Literally, anything would be better than these kombucha-making psychopaths, though Amber (Laura Dreyfuss) and Gayle (Jamie Neumann) defuse the situation by offering the lawman some of their tea and, because he’s white and they are too, all is copacetic.
Their wellness check couldn’t come a moment too soon, however. Gayle calls the kid a snitch, but before this could go Midsommar level, Family and Child Services is at their door. Talk about good fortune literally knocking!
Though Gayle is none too pleased about a complaint from the neighbors, she welcomes in the caseworker and is greeted with some repulsive shit. One of the girls is sick and they have no salvo. They’re hippies, über alles, and their modus operandi is to just let nature take its course. I mean, the body course corrects without the need for big pharma, right?
The situation is repulsive and three slaps seem like a goddamn dream compared to what these kids are being put through. Including their ‘dinner’ of fried chicken, which is just basically salmonella.
In his bed, that night, Loquareeous has bad dreams and it makes sense. The house is a horror show.
From seeing his mother’s head in a pickle jar to seeing the head of their dog Popcorn, their dog that eats like a goddamned king on the body of his grandfather (Timothy Tinker Sr.), who administered the three slaps.
Waking up with hunger pangs and ultimately sick, Loquareeous is now on a new journey, with everybody. Call it a family trip to the Grand Canyon. The mere mention of it had my stomach in knots and it didn’t help that there’s nothing more disturbing than seeing a caseworker’s pen and pad next to a bunch of black garbage bags in the early morning hours.
As they all drive in the rain, the kids have an unspoken shorthand for how crazy their ‘parents’ are. They are all victims under the umbrella of ‘white saviors’. The silly thing is that though crazy knows no color or no scent, you can taste it in the air.
It’s night and the van has stopped. We stop because we’ve arrived. Cornpop is set free. So are the kids.. or so we are led to believe. This belies an evil masquerading as clemency. They see their children as lost causes, a novelty to society.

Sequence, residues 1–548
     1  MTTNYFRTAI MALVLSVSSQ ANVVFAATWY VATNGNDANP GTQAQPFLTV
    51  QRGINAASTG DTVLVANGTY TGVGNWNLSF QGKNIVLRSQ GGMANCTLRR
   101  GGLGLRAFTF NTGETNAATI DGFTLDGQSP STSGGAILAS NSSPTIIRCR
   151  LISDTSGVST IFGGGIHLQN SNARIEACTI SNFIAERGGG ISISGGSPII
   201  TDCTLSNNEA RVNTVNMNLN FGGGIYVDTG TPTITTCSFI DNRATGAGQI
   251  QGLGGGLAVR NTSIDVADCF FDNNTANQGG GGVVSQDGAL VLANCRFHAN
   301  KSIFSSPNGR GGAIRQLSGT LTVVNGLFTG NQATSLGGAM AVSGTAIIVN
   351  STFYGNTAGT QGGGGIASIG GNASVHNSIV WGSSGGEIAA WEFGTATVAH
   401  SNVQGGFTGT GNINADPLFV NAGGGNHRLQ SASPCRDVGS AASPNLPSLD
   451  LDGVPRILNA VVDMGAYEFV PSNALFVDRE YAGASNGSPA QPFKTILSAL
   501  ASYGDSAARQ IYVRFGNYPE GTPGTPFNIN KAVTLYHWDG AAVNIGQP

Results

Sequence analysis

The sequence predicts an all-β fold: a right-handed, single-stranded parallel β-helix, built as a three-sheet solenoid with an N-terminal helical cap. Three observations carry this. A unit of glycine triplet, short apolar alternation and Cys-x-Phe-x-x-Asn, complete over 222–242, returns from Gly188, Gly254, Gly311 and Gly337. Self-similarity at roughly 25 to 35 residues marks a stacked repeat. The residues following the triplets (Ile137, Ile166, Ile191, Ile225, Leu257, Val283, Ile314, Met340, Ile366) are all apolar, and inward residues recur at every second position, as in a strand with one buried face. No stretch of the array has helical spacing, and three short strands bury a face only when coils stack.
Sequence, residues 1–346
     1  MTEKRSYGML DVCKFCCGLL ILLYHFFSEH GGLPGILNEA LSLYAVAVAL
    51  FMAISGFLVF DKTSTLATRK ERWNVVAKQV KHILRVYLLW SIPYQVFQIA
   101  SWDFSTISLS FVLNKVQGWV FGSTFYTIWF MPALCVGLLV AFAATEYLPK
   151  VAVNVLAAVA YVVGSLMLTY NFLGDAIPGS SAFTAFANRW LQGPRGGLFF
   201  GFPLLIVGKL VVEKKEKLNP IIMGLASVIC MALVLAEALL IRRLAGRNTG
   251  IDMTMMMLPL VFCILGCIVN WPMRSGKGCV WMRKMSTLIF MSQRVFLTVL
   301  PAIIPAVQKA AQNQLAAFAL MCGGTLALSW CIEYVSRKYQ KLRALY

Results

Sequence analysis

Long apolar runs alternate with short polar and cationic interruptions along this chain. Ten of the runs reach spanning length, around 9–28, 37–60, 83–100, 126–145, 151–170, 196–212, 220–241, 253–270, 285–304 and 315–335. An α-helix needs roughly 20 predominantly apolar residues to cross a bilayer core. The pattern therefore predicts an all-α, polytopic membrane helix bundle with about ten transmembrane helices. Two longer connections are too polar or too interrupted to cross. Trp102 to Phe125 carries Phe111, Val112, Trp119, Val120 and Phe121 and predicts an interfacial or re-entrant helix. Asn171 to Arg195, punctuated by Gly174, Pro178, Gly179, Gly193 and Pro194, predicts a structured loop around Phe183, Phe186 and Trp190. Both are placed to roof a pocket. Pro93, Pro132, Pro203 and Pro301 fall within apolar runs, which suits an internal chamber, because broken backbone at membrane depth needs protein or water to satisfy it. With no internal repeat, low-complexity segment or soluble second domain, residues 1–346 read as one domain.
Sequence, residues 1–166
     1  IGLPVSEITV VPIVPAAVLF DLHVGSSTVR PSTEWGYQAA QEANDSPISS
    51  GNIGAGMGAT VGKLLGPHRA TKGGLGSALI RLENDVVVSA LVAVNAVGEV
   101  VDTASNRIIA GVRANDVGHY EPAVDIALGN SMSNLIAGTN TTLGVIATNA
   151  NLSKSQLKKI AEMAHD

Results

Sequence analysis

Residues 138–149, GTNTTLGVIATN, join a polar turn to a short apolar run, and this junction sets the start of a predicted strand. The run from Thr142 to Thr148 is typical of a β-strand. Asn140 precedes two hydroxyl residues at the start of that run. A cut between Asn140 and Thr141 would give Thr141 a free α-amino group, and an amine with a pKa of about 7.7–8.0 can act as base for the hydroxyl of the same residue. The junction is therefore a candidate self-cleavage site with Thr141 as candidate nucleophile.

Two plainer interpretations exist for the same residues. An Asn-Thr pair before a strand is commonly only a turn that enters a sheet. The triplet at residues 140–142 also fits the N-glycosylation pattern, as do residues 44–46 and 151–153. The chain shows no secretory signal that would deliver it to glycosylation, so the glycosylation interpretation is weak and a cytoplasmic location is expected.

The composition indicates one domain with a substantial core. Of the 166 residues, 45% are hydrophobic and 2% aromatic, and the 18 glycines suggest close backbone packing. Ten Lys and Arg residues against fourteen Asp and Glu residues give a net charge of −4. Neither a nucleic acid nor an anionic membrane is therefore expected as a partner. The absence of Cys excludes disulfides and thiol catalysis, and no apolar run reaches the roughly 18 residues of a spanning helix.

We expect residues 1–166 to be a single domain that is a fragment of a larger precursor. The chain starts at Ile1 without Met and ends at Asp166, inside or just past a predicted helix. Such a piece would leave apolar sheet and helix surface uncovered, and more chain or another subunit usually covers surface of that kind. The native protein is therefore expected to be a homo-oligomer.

The only plan is sweet release. They can die as a ‘family’.
This is a suicide pact and though Amber isn’t on board with the final denouement, she’s making her peace with fate. They are conscripting souls to an afterlife before having lived one. At least the dog got a chance at another.
What ensues is one of the most beautiful and haunting moments before two people are choosing to go to their maker, backed by the mellifluous and gorgeously morose Jessica Pratt songs. They have one aim in mind, and it just so happens that it’s in that foreboding lake (Whoah. Be gone.).
Fortunately for Loquareeous, self-preservation kicked into high gear, when the getting was good. Unfortunately, the dog went with them, as Loquareeous is a clever kid and isn’t one for leaving a traumatic situation without one last parting gift.
Off the bank, they go and cash out, which funny enough they couldn’t. They just became fodder for the next night’s fishing trip, and for an impoverished couple, ain’t that rich.
Tired and hungry, Loquareeous hoofs it back home. Yes, all throughout the dusk and into the dawn.
He’s welcomed back with that patented cold reception that somehow feels warm. Her whole reason for him going through shit was to crawl before he could walk. The world can be frigid and dismissive, harsh and unforgiving. Though he’s a little iced out, his mom still loves him and that is something earned.
Speaking of which, this happened to be all from Ern’s (Donald Glover) brain, who just had one of the most vivid dreams in television history.
Hey, welcome to Europe, I guess. New surroundings make for new thought processes, and we’re only getting started.
The episode was intense. After four years of laborious patience, we are back. As season openers go, this is easily one of my top five of all time. Based on the story of Devonte Hart, this is a tough watch but required viewing, with the scattered moments of levity serving as a palliative salve on a larger, more sinister issue in the world today.